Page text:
Monday, August 23, 2010

It's a dog's life!

It's a dog's life! You've seen it. A seemingly happy dog with it's drooling tongue flapping in the breeze as the car cruises along. Maybe a couple of kids playing with a big Persian cat at the back of an MPV. Don't forget the well coiffured aunty in the Kopitiams sipping the mocha with her just as well coiffured pooch sitting docile on a chair next to her. The trend is unmistakable. More and more people are getting pets as toys, ornaments or something to adorn themselves. Perhaps it subconsciously underlines their need to feel superior and lord over the beasts.

WARNING: Contains graphic images that may be disturbing to some. Click to read more.

Would you stick your child's face out the window for the child to drool in the breeze? Would you demand that your child sit around you in a docile manner while you chat at the coffee shop? And too many kitties and bunnies have been accidentally left in a locked car on a hot sunny day.

In the United States of America, the demand for puppies have reared (pardon the pun) its ugly face in the form of mushrooming puppy mills or farms. A problem far worse than dealing with backyard breeders. Not unlike chicken farms, the dogs are often kept in appalling conditions and forced to give birth to as many puppies as possible. When the bitch is past her usefulness, she is simply put down or discarded. According to estimates, a whooping 99 percent of all puppies sold in pet stores comes from these puppy mills.

Closer to home, we are also beginning to see a proliferation of pet stores. The wanton demand for pets will obviously drive the setting up of local puppy mills. Pets are even being sold in hypermarkets and shopping malls. It is all too easy now to pacify a screaming child in the hypermarket by simply obliging to purchase the cute little hamster. Short of scanning the pet for it's price, you can conveniently purchase just about any pet. From the affordable fishes to exotic reptiles. From Kitties to bunnies. Puppies would be a hot seller if muslim shoppers didn't object.

One of the Eightfold Noble path stipulates Sammā-ājīva or Right Livelihood. Buddhists are encouraged to earn their living through honest means. Five types of trades are discouraged and they are :-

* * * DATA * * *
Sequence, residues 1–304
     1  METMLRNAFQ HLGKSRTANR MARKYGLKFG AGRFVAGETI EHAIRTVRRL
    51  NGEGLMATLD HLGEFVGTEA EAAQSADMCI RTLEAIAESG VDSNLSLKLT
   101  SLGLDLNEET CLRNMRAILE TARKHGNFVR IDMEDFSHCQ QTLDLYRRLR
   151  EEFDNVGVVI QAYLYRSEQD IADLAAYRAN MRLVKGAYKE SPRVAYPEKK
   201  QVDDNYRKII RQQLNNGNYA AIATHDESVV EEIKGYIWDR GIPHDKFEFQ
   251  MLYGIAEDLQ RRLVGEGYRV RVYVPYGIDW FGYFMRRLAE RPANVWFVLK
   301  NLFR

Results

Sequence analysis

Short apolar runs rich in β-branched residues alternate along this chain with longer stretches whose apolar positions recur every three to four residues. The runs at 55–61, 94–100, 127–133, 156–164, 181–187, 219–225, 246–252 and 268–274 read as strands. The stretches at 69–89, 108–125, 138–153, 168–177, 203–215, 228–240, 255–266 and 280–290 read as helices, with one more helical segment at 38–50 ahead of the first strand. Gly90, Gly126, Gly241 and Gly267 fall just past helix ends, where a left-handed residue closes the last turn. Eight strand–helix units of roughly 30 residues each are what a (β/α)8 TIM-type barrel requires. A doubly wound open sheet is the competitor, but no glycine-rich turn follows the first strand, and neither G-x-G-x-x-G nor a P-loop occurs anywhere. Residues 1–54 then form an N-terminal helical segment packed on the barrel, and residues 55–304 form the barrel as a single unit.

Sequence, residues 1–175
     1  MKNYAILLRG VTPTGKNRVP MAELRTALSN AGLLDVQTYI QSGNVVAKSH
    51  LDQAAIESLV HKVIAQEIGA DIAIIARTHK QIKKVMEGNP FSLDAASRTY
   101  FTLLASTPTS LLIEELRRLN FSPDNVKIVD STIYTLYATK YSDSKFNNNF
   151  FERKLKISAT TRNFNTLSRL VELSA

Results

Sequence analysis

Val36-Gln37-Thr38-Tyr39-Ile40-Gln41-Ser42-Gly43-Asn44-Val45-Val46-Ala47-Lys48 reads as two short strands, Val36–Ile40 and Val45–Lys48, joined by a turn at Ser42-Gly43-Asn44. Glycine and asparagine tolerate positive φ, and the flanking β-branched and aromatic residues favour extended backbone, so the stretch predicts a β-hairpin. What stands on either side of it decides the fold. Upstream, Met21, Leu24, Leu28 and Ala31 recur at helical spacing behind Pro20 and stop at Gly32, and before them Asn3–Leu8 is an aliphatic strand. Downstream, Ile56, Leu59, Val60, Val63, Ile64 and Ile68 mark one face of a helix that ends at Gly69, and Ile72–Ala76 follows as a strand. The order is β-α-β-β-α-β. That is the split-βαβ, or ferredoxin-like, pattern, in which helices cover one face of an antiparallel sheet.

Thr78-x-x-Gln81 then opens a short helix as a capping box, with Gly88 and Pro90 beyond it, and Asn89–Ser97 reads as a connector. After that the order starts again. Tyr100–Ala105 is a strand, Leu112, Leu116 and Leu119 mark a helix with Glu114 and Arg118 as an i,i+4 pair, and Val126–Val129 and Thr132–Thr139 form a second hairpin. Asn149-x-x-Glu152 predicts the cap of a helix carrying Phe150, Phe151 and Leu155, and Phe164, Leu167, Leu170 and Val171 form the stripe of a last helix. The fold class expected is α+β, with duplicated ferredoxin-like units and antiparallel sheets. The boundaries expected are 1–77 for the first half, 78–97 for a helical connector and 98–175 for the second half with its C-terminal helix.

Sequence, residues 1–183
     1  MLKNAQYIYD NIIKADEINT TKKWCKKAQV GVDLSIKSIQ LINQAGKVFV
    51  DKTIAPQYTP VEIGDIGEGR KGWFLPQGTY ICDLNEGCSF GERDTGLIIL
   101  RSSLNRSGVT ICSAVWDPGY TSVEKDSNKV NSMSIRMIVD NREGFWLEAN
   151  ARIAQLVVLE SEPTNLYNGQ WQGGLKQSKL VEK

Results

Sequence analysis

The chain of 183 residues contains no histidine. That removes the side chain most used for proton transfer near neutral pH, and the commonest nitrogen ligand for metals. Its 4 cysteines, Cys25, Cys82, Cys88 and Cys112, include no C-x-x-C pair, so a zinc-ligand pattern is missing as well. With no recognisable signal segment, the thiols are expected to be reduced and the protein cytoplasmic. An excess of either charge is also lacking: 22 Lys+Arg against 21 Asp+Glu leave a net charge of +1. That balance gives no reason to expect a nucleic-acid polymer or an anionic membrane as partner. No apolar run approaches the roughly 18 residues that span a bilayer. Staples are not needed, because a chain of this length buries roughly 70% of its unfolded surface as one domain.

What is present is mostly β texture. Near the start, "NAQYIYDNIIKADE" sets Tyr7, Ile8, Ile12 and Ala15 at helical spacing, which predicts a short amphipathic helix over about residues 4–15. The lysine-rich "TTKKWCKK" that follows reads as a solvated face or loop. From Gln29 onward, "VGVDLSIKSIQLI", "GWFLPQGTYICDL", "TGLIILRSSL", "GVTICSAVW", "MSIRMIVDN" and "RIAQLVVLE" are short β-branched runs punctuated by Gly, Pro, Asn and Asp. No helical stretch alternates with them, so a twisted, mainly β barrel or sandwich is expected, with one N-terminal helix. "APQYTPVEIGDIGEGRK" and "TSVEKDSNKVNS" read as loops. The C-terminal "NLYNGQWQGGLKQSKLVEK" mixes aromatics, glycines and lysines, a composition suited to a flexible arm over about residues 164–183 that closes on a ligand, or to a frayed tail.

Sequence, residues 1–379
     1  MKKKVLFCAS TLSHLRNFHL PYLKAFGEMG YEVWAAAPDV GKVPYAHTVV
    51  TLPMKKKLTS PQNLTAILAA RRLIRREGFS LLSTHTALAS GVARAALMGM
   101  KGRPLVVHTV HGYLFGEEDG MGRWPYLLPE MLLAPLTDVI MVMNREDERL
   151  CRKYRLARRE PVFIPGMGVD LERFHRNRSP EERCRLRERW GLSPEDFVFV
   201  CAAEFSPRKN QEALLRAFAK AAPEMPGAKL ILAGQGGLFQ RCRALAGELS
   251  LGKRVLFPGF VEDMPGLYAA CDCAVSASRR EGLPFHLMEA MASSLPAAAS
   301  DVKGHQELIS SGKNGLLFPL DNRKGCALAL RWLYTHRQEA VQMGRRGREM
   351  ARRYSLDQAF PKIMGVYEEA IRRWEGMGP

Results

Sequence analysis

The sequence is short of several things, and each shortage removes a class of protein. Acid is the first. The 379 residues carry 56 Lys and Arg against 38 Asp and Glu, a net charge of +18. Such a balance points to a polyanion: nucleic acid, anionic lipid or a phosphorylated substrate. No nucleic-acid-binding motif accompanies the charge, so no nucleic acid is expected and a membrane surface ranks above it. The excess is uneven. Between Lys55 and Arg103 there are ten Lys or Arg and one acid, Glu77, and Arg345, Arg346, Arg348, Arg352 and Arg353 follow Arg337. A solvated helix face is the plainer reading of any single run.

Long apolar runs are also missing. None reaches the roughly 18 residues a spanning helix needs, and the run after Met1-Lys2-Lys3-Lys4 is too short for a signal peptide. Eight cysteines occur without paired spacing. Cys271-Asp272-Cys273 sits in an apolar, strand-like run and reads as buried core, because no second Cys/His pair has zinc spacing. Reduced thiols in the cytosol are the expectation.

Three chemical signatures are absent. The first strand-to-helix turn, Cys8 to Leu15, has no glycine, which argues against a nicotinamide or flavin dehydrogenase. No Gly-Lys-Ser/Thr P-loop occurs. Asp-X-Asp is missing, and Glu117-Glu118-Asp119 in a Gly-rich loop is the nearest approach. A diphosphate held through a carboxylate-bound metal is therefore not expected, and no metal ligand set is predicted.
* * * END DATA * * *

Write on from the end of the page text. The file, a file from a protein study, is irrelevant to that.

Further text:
1. Business in weapons: trading in all kinds of weapons and instruments for killing.
2. Business in human beings: slave trading, prostitution, or the buying and selling of children or adults.
3. Business in flesh: Includes breeding of animals for slaughter.
4. Business in intoxicants: manufacturing or selling intoxicating drinks or addictive drugs.
5. Business in poison: producing or trading in any kind of toxic product designed to kill.

By purchasing a pet from the stores, you are encouraging a cruel trade. If you want a pet, adopt one from the animal shelter. Otherwise make it a point to know the breeder and the conditions in which the animals were bred in. Say no to pet shops.

For further reading.

Sigh! Another litter. I'm tired.

An abandoned pedigree beagle mom.

Dead on the tyre.

Still pregnant or just bloated. In any case she's dead.

Another one bites the dust.

Caged all her life just to make puppies.

Near blindness. Still producing puppies.


Where most pets end up.


  1. Dear Students,
    The BISDS will be celebrating "Pet Week" again on the 3rd of October. I would like to take the opportunity to create some awareness against the cruel exploitation of animals especially the irresponsible and/or commercial breeding of animals to satisfy the wanton desire for pets.

    The project is three fold. 1) Create the awareness. 2) Promote Pet adoption from shelters or rescuers. 3) Raise funds for shelters/rescuers.

    For 1&2) We need to print/photostat brochures. Make posters.
    For 3) Sell some things like book marks and/or T-shirts.

    Please give your suggestions. We need your help.
    We need
    A project coordinator
    Designer for brochure
    Designer for poster
    Designer for bookmark
    Designer for T-shirts

    Please volunteer!

  2. I love my pet. I want to find a good mate for him/her. Is breeding your pet wise? What is an ethical breeder?

    The terms "ethical breeder" and "responsible breeder" are used a lot in the purebred dog world. But what exactly constitutes an ethical producer of dogs? An ethical breeder is someone whose number one goal is to better the breed.

    Before we further discuss the general protocol of ethical breeding, let's first look at the phrase "to better the breed". What does that mean exactly? Each breed of dog was created with a specific task in mind, whether that task was hunting, herding, sledding, or companion animal. Certain traits were selected for that would enable a dog to better perform its designated task. These traits comprised both physical and tempermental aspects. Established breeds each have a written standard. A standard is a description of the ideal specimin of the breed. Standards describe both physical and tempermental aspects that should be present in the breed: those traits that were selected for during the creation of the breed. Think of a standard as a blueprint which breeders can refer to when "building" the best dogs. This is one way breeders can help ensure that the dogs they are breeding are good representitives of their breed.